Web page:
Analysis: Pre-OTAs Seahawks 53-Man Roster Projection

Though the offseason is still far from done, how would Seattle’s final roster look if cuts happened today?

As witnessed this week, the NFL offseason is still in full swing and the Seahawks are far from making moves to improve their team on both sides of the football.

Over the past 48 hours, Seattle has added five quality veteran free agents to address multiple positional needs, including ex-Lions All-Pro defensive end Ezekiel Ansah. The team also bid farewell to safety Kam Chancellor and receiver Doug Baldwin, two legends who served as staples in the most successful period of franchise history.

But even with further changes imminent in Seattle and across the league, it’s never too early to dissect the roster position-by-position and take a stab at which players will make the team in September.

With organized team activities set to start on May 20 and mandatory minicamp rapidly approaching, here’s my first Seahawks 53-man roster projection of the 2019 season.

Quarterback

Keep: Russell Wilson, Paxton Lynch

Cut: Taryn Christion

Verdict: There’s no surprise about who will be starting under center for Seattle after Wilson received a record-breaking extension in mid-April. Behind him, Seattle will stick with Lynch, a former first round pick who lasted just two seasons in Denver before being out of the NFL completely in 2018. The Seahawks will be banking on the 6-foot-7 signal caller rebounding thanks to a change of scenery and an ideal situation playing behind one of the league’s best quarterbacks.

Running Back/Fullback

Keep: Chris Carson, Rashaad Penny, Travis Homer

Cut: J.D. McKissic, C.J. Prosise, Bo Scarbrough, Adam Choice, Nick Bellore

Verdict: Carson will one again be Seattle’s workhorse out of the backfield, while Penny will be pushing for extended playing time after injuries set him back at times as a rookie. With Mike Davis now in Chicago, Homer will beat out McKissic and Prosise for third down duties by showing off his well-rounded game during the preseason. Scarbrough or Choice may be retained as insurance on the practice squad, depending who performs better in August. If Bellore carves out a role on special teams, he may have a chance to hang around into September, but Seattle rarely used a fullback last season.

Wide Receiver

Keep: Tyler Lockett, D.K. Metcalf, Gary Jennings, David Moore, Jaron Brown, John Ursua

Cut: Malik Turner, Caleb Scott, Keenan Reynolds, Amara Darboh, Jazz Ferguson, Terry Wright

Verdict: With Doug Baldwin released and likely heading towards retirement, Seattle will enter the new season with a largely unproven cast of receivers aside from Tyler Lockett, David Moore, and Jaron Brown. All three receivers selected in the draft will find defined roles in Brian Schottenheimer’s offense right away, with D.K. Metcalf starting as the “X” receiver, Gary Jennings seeing snaps both outside as well as the slot, and Ursua playing in the slot as well. Intriguing undrafted free agents Jazz Ferguson and Terry Wright would be nice to retain on the practice squad to develop as potential hedges for Moore and Brown.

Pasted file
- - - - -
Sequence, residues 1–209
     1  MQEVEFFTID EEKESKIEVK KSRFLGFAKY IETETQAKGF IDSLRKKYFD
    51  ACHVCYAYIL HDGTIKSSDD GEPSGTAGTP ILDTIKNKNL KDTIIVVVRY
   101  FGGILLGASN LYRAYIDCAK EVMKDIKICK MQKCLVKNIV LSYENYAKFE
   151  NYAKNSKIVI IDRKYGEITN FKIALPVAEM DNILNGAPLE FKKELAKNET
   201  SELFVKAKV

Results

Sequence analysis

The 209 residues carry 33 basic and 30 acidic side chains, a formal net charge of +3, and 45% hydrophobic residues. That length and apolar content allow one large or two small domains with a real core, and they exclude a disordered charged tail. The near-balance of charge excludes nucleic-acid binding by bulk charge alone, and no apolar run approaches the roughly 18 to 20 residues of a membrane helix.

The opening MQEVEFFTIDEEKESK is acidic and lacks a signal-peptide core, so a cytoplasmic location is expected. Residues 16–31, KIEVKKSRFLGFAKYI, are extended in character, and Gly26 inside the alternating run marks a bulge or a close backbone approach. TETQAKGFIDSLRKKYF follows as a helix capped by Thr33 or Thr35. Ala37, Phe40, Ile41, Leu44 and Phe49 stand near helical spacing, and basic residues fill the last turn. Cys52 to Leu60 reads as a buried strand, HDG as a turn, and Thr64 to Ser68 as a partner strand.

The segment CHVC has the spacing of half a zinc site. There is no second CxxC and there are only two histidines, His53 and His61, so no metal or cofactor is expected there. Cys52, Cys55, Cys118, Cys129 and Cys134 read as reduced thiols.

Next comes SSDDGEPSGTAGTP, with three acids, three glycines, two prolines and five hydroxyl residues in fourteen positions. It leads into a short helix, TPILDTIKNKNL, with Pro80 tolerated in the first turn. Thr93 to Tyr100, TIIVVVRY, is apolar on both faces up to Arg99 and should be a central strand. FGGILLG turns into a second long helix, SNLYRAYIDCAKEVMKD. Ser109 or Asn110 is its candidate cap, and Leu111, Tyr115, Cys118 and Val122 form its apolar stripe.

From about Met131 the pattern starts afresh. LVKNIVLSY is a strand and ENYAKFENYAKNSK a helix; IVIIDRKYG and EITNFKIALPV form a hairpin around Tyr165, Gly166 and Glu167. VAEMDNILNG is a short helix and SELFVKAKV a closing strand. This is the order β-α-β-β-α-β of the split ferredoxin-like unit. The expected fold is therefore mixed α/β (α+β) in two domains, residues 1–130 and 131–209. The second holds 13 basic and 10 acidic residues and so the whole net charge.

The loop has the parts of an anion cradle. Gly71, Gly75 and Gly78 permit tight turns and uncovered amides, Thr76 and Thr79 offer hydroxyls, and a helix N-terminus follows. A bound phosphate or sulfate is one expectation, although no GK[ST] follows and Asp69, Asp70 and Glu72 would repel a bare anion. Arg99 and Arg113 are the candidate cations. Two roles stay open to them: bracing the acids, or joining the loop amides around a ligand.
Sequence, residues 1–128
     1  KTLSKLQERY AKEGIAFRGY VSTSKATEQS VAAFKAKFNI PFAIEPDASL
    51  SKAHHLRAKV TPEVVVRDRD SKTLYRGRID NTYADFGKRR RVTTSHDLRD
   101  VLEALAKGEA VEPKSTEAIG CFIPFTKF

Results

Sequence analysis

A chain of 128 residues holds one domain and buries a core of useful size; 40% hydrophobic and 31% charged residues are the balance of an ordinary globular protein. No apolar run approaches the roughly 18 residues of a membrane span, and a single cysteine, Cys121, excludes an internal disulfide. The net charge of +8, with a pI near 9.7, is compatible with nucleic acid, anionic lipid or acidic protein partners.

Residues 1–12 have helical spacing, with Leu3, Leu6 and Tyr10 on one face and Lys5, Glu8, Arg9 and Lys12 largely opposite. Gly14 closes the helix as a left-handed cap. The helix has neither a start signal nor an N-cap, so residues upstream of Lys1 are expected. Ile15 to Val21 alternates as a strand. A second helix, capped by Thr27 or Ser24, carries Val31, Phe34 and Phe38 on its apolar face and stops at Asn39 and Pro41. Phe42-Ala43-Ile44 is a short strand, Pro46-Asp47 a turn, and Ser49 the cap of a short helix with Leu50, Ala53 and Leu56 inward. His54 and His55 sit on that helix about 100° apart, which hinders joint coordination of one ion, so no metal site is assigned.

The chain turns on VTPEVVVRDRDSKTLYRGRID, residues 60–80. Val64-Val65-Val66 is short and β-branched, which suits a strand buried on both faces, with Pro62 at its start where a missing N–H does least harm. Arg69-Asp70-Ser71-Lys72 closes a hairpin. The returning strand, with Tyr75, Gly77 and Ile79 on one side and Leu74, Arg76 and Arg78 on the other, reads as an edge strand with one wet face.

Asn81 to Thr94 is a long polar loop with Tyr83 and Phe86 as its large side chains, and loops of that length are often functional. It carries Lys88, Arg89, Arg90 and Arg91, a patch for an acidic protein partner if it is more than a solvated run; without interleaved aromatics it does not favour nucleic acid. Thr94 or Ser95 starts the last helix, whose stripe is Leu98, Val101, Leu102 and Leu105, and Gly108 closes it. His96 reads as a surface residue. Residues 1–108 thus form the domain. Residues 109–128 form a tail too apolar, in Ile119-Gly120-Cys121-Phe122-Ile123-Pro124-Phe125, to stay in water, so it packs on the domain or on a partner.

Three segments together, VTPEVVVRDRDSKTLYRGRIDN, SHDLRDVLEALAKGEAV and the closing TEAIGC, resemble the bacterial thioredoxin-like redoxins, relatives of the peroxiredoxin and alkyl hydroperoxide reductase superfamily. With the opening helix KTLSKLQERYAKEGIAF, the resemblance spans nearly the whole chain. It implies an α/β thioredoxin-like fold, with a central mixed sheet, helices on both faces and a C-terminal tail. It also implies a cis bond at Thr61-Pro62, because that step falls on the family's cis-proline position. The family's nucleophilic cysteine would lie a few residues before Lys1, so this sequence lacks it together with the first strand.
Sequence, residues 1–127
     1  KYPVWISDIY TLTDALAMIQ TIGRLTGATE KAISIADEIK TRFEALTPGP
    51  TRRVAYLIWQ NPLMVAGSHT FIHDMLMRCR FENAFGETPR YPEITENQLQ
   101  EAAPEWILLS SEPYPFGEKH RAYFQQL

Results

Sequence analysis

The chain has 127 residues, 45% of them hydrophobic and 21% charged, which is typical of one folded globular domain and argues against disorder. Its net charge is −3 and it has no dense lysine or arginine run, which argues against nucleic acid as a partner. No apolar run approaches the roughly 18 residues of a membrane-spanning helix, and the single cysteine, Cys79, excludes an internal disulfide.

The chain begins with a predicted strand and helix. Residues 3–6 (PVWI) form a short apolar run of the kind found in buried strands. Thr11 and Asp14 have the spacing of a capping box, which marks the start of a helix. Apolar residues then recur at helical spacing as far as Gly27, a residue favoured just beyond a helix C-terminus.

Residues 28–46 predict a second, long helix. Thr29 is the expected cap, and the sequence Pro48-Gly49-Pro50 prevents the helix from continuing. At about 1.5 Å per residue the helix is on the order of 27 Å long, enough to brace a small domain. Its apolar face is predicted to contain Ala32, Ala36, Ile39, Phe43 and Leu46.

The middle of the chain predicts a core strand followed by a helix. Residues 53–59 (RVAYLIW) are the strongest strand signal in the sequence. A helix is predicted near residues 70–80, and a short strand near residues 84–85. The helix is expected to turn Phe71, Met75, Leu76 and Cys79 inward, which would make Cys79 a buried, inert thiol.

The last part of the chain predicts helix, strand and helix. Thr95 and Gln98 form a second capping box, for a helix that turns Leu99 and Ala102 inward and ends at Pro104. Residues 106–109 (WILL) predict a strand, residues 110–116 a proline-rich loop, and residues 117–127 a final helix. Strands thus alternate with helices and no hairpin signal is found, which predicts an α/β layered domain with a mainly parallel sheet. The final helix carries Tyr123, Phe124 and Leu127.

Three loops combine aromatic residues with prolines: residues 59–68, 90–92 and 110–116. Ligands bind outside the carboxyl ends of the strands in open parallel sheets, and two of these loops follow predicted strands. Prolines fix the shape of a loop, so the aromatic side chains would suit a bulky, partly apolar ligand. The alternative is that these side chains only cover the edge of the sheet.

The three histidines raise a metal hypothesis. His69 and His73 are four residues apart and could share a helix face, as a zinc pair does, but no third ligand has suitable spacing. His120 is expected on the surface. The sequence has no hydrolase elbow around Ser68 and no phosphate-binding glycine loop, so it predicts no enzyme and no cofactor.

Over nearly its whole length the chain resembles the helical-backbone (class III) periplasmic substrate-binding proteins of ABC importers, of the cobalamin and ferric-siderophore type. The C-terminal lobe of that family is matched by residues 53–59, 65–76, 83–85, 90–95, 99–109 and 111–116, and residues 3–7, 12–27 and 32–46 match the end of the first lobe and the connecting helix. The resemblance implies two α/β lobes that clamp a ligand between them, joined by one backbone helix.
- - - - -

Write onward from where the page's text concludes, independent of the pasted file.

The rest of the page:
Tight End

Keep: Will Dissly, Ed Dickson, Nick Vannett, Jacob Hollister

Cut: Tyrone Swoopes, Justin Johnson, Mik'Quane Deane

Verdict: Aside from trading a seventh rounder to the Patriots for Hollister shortly after the draft, the Seahawks showed confidence in last year's group and hasn't made any significant moves at tight end. Dissly could open the year on the PUP list as he continues to recover from a torn patellar tendon, making it imperative Seattle keeps three other tight ends on the roster. Under such circumstances, Dickson will start, while Vannett should see extensive action and Hollister may have an impact as a receiver at the position. As extra insurance, it wouldn't be a surprise to see Johnson or Deane kept around as a practice squad player.

Offensive Tackle

Keep: Duane Brown, Germain Ifedi, George Fant, Jamarco Jones

Cut: Elijah Nkansah

Verdict: There’s not much suspense at tackle, as the Seahawks have more stability at the position than they’ve had in quite some time. Brown and Ifedi will remain in the starting lineup, while Fant and Jones offer quality depth and both players should be capable of stepping in on either side of the line in a pinch. Nkansah played a few snaps last year and should be eligible to remain on the practice squad.

Offensive Guard

Keep: D.J. Fluker, Mike Iupati, Phil Haynes, Jordan Simmons

Cut: Jordan Roos, Demetrius Knox, Marcus Martin

Verdict: Seattle lost starter J.R. Sweezy in free agency, but offset his departure by signing Iupati, a former All-Pro who could ultimately be an upgrade if he can stay healthy. While Fluker and Iupati are cemented in the starting lineup at both guard spots, the Seahawks could have quite a battle brewing behind them to earn backup roles. Haynes, a fourth-round pick out of Wake Forest, will likely be groomed as a long-term starter and should be a near-lock to make the team. The last spot could come down to the wire, though Simmons should be the favorite after playing well in three starts last year, giving him an edge over Roos and Martin. Knox could be an intriguing practice squad candidate.

Center

Keep: Justin Britt, Ethan Pocic

Cut: Joey Hunt

Verdict: Again, not much drama here, as Britt will be Seattle’s starting center for a fourth straight season, bringing much-needed continuity to the offensive line. Behind him, Hunt has endeared himself to the coaching staff during three seasons with the team and he’s a favorite of the coaching staff, but his lack of size ultimately will lead to him losing out on a backup role to Pocic.